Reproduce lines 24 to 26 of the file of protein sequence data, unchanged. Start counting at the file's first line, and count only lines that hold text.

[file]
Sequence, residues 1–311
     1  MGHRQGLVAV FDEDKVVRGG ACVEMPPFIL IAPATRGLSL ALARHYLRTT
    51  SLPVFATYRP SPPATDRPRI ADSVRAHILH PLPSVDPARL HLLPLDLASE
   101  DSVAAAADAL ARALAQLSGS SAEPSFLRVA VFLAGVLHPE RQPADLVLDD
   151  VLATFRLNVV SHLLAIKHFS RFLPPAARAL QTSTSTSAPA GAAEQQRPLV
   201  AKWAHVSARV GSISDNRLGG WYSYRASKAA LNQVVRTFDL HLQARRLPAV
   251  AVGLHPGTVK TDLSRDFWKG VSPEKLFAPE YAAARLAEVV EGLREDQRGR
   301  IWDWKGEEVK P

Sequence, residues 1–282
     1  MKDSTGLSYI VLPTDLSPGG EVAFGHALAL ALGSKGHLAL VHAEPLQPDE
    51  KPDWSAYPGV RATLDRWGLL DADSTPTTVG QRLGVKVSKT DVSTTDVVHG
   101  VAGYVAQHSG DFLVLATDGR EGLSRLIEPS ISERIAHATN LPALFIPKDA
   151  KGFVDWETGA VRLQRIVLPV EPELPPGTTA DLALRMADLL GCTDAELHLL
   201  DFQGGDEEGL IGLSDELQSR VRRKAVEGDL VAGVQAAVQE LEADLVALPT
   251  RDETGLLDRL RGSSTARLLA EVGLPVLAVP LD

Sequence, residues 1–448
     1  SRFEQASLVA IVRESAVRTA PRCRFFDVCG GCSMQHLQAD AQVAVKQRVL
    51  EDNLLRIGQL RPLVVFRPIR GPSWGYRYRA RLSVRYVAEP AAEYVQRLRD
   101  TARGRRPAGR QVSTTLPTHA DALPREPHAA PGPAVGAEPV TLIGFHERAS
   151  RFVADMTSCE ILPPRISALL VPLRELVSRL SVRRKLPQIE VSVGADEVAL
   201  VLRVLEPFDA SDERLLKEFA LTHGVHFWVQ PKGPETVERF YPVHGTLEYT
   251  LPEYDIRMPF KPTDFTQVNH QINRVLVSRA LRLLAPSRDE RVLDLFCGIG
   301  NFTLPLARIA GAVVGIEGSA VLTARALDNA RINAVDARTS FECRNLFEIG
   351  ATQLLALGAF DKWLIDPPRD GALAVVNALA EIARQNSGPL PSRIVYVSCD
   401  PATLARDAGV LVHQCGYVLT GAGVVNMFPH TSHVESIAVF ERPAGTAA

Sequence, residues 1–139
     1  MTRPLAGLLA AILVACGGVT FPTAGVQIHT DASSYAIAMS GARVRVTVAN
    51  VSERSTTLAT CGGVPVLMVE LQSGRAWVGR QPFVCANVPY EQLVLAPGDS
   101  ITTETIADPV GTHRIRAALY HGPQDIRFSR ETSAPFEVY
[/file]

   351  ATQLLALGAF DKWLIDPPRD GALAVVNALA EIARQNSGPL PSRIVYVSCD
   401  PATLARDAGV LVHQCGYVLT GAGVVNMFPH TSHVESIAVF ERPAGTAA

Sequence, residues 1–139